Well, as hard as it is to believe, today I complete three entire months of retirement. Even though it still feels like a new reality, it is real, and has become an interesting “next life.” In celebration of three months, I thought I would look through the archives of our history and pull out some especially historic events that happened on a September 30. On this day:
In 1520, Suleiman the Magnificent became the Ottoman Sultan. He is known for the rebuilding of the Wall surrounding Jerusalem, as well really expanding the Ottoman Empire. In 1841, the stapler was patented. I wonder if they stapled the documents together… In 1659, Peter Stuyvesant forbid tennis playing during religious services (finally!) In 1927, Babe Ruth hit his 60th homer of the season. In 1955, James Dean died in a car crash.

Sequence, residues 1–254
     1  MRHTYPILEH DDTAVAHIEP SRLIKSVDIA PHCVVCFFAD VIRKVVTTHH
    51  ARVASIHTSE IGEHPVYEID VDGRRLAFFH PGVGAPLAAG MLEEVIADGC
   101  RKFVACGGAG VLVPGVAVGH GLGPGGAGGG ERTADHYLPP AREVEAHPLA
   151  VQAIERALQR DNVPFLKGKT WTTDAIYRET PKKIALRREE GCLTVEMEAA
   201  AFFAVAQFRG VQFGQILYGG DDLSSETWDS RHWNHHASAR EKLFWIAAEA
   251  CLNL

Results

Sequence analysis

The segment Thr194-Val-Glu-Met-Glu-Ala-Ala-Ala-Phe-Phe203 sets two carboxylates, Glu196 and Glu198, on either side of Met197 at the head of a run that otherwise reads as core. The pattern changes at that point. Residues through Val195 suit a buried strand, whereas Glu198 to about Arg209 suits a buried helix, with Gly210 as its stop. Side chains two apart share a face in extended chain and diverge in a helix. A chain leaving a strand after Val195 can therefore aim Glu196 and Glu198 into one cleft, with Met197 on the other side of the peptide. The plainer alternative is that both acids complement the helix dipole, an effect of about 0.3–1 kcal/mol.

In terms of television, in 1950, the Grand Ole Opry was broadcast for the first time. In 1960, the Howdy Doody Show ended, with Clarabelle talking for the first time, saying, “Goodbye Kids…” On the same day, The Flintstones premiered, and in 1984, Murder She Wrote also premiered.
In 1929, the very first manned rocket plane flight occurred (101 years ago!). In 1954, the USS Nautilus, first nuclear submarine, was commissioned. In 1968, the first 747 rolled out of the factory. In 1970, the New American Bible was published, particularly used in Catholic Mass in English. In 1997, Microsoft unveiled Internet Explorer 4.
Although there are plenty of other important events, like the first time, in 1864 black soldiers were awarded the Medal of Honor, perhaps most important is that in 1846 – 174 years ago – anesthetic was used for the first time by a dentist.
For most of us, however, any particular September 30 will just fly by, or ooze by, or pass by in whatever form. We will wake up, get out of bed, have some coffee, see what the news is for the day, look at what we need to accomplish, and for some of us, get ready to go to work, or to school, or, in the case of the truly blessed ones – go to another day of retirement. Ah.